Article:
He was born in Katowice in 1938 and became a press photojournalist out of his passion for photography. He spent forty years working for Dziennik Zachodni and Trybuna Robotnicza, which in those times served as communist propaganda newspapers. Zygmunt Wieczorek’s and other photojournalists’ duties involved documenting the communist party's successes, including growing towns and villages, as well as capturing everyday lives of their residents. It is thanks to them that many documentary (though some retouched and photomontaged) photos have survived, including photo coverages of party congresses held in Silesia, genre scenes with smiling residents, and photo stories with clearly defined messages. Zygmunt Wieczorek continued to work with the camera after 1989, giving testimony to the political and social changes following the collapse of communism.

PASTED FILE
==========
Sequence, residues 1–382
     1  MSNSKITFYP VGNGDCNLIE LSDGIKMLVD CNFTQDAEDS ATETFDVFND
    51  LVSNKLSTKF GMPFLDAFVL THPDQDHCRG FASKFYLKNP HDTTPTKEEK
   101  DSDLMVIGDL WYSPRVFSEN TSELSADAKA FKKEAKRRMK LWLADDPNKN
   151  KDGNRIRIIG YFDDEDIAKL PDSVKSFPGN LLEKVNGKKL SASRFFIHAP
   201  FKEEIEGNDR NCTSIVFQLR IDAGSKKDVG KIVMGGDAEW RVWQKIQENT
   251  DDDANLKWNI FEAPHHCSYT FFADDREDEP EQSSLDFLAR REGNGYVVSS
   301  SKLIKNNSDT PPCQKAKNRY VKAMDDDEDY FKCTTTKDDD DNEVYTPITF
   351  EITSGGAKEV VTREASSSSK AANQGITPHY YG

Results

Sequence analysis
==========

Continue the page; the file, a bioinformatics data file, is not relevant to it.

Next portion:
In the 1970s, he created a series of photographs depicting Tychy architecture, local ceremonies, visits by prominent state and party officials, industry developments and sporting events.
The Museum's collection includes about 60 photographs in digital form, which were donated by the photographer in 2013-2014.